- The Enterprise
- The Recorder
Lawn mowing, trash collection on base set to be limited
By NICOLE CLARK
Federal employees aren’t the only ones feeling the impact from government budget cuts and the possibility of furloughs.
Some of the service contractors — the women and men who mow lawns, take out trash and drive employees, including the handicapped, from building to building across a 14,502-acre air station that has about 79 miles of roads — are perhaps being hit even harder, union representatives say.
A team of transportation workers at Patuxent River Naval Air Station has already been laid off this month. Rick Compher, a representative with the District 4 Lodge of the International Association of Machinists and Aerospace Workers said the union has about 1,000 members, workers at Pax River, who will be affected. Already, six have been laid off and two more have had all but 16 hours of their work weeks taken away. And, he estimates another 20 to 25 service workers could be laid off.
Compher said most of the service workers at the air station make between $15 and $20 an hour. Reductions in pay could be as much as $500 a month — a car payment for many people, or a family’s groceries. “You’re going to have to try to figure out how you’re going to make that up and it’s going to be difficult,” Compher said.
In many cases service contractors only receive about two weeks’ notice before they’re laid off. “We are being hurt. In some cases, devastated, by what is going on,” Compher said.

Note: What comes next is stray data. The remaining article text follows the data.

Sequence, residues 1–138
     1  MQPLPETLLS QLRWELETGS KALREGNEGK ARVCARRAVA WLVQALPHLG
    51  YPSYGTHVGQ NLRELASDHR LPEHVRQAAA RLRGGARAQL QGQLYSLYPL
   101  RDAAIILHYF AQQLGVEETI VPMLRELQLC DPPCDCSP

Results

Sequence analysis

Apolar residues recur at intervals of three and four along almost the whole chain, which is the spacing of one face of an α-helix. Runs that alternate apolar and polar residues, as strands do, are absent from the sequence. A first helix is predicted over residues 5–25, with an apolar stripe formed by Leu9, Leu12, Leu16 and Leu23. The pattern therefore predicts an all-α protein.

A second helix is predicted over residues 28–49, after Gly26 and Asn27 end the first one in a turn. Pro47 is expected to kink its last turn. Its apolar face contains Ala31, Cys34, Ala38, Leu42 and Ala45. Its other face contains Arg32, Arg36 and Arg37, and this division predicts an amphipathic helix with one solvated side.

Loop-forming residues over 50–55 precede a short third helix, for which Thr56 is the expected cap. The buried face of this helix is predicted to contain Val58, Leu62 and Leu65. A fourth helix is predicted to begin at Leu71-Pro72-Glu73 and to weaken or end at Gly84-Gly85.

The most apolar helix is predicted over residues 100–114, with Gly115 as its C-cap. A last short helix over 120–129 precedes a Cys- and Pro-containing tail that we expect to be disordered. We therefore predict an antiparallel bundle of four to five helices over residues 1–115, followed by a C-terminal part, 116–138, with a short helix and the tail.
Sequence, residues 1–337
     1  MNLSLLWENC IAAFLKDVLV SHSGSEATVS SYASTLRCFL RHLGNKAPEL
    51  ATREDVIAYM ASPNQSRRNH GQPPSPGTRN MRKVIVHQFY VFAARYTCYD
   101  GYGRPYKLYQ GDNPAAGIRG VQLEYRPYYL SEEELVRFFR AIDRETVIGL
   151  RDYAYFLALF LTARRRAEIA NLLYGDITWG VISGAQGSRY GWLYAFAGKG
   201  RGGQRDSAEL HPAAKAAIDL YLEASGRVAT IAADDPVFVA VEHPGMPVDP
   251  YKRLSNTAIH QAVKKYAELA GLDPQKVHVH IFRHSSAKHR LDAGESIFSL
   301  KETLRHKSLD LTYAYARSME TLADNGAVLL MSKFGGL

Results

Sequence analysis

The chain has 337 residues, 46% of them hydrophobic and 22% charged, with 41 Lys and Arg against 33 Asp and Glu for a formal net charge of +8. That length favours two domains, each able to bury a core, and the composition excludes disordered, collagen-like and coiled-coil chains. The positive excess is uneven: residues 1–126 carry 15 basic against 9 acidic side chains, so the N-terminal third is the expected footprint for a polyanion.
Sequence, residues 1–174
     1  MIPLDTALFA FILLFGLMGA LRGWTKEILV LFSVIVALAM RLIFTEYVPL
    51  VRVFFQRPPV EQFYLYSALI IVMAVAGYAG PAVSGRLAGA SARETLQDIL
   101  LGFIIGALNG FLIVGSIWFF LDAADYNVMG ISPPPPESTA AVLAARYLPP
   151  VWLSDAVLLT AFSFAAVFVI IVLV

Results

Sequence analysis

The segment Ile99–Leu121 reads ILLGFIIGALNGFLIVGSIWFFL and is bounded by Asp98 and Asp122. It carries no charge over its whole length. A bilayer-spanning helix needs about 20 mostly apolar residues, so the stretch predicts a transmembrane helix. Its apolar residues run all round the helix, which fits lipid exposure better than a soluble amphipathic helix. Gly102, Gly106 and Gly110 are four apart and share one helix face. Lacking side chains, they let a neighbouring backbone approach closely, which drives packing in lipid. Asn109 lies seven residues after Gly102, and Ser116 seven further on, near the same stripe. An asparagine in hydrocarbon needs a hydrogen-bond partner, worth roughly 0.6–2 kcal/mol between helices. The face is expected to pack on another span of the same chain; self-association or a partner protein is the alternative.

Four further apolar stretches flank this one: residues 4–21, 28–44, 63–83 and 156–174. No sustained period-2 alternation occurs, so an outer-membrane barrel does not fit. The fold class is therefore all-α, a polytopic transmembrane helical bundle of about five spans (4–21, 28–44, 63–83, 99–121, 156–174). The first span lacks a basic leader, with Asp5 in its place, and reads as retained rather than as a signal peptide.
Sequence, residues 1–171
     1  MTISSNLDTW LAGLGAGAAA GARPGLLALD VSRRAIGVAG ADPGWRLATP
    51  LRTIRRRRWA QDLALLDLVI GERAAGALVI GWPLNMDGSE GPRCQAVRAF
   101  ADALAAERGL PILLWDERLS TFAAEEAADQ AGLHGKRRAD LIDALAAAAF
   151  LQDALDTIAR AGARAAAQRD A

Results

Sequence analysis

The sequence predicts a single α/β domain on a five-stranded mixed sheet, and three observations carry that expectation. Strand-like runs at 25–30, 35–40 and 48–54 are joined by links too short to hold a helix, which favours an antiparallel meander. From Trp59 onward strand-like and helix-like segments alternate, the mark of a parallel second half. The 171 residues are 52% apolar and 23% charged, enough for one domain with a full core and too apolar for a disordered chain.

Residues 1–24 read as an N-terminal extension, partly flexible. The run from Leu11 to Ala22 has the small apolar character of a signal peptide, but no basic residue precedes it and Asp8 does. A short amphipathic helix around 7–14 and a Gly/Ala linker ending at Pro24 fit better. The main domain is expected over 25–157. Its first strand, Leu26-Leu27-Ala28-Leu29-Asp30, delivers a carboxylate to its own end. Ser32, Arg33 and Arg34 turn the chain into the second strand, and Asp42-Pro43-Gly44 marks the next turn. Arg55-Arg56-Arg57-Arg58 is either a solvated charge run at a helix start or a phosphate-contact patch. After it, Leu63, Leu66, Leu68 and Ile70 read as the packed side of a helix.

Representatives from the IAMAW say that trash collection on the air station will be reduced. In some cases, janitors will no longer go from office to office to collect garbage. Employees on the air station will have to bring their trash to a central location, they said. And janitorial services also are scheduled to be reduced.
“I guess some of these people are going to have to learn how to clean toilets,” one union representative said.
Mark Duval, also with the IAMAW, said that in some families, more than one person works on the base under these contracts. Sometimes it’s a mother and a son, or a husband and wife who both work at Pax River.
“Nobody who has been working for years likes to go out and say, ‘I don’t have a job’ and can’t provide for my family,” he said.
“That’s just not the American way,” said Fred Mason, president of the Maryland and District of Columbia AFL-CIO. He’s also worried about the long-term credit ratings of those laid off or furloughs and whether it could affect their ability to get security clearances if jobs open up again.
If furloughs and layoffs continue, “millions of people will end up suffering,” Mason said — their wallets, and their pride.
At Pax River, some of the service contractors who cut the grass or clean buildings, Duval said, have been doing that work for years, even decades in some cases. And, they’re proud of what they’ve accomplished, he said. People often drive on base and comment on how beautiful the lawns and foliage are. Now, union workers say, grass isn’t scheduled to be cut weekly and could be allowed to grow for two or three weeks at a time.
“It’s kind of demoralizing,” Compher said. “The appearance of what you’ve been doing for years is going to slowly erode away.”